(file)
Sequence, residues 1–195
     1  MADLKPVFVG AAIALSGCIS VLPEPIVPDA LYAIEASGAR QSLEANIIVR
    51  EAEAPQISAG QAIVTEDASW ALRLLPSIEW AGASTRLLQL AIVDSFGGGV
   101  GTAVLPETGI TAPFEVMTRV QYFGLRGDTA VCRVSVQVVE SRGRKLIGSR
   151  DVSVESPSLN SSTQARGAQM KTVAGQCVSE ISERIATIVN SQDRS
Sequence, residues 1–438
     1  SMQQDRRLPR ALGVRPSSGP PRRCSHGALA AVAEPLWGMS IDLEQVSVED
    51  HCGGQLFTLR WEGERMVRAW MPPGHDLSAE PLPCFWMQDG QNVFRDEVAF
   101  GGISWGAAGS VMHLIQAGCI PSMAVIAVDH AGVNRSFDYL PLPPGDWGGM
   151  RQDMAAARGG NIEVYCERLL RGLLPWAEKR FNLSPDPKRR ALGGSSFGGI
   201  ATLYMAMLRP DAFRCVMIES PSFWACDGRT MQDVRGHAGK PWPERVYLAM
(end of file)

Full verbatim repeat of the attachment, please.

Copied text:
Sequence, residues 1–195
     1  MADLKPVFVG AAIALSGCIS VLPEPIVPDA LYAIEASGAR QSLEANIIVR
    51  EAEAPQISAG QAIVTEDASW ALRLLPSIEW AGASTRLLQL AIVDSFGGGV
   101  GTAVLPETGI TAPFEVMTRV QYFGLRGDTA VCRVSVQVVE SRGRKLIGSR
   151  DVSVESPSLN SSTQARGAQM KTVAGQCVSE ISERIATIVN SQDRS
Sequence, residues 1–438
     1  SMQQDRRLPR ALGVRPSSGP PRRCSHGALA AVAEPLWGMS IDLEQVSVED
    51  HCGGQLFTLR WEGERMVRAW MPPGHDLSAE PLPCFWMQDG QNVFRDEVAF
   101  GGISWGAAGS VMHLIQAGCI PSMAVIAVDH AGVNRSFDYL PLPPGDWGGM
   151  RQDMAAARGG NIEVYCERLL RGLLPWAEKR FNLSPDPKRR ALGGSSFGGI
   201  ATLYMAMLRP DAFRCVMIES PSFWACDGRT MQDVRGHAGK PWPERVYLAM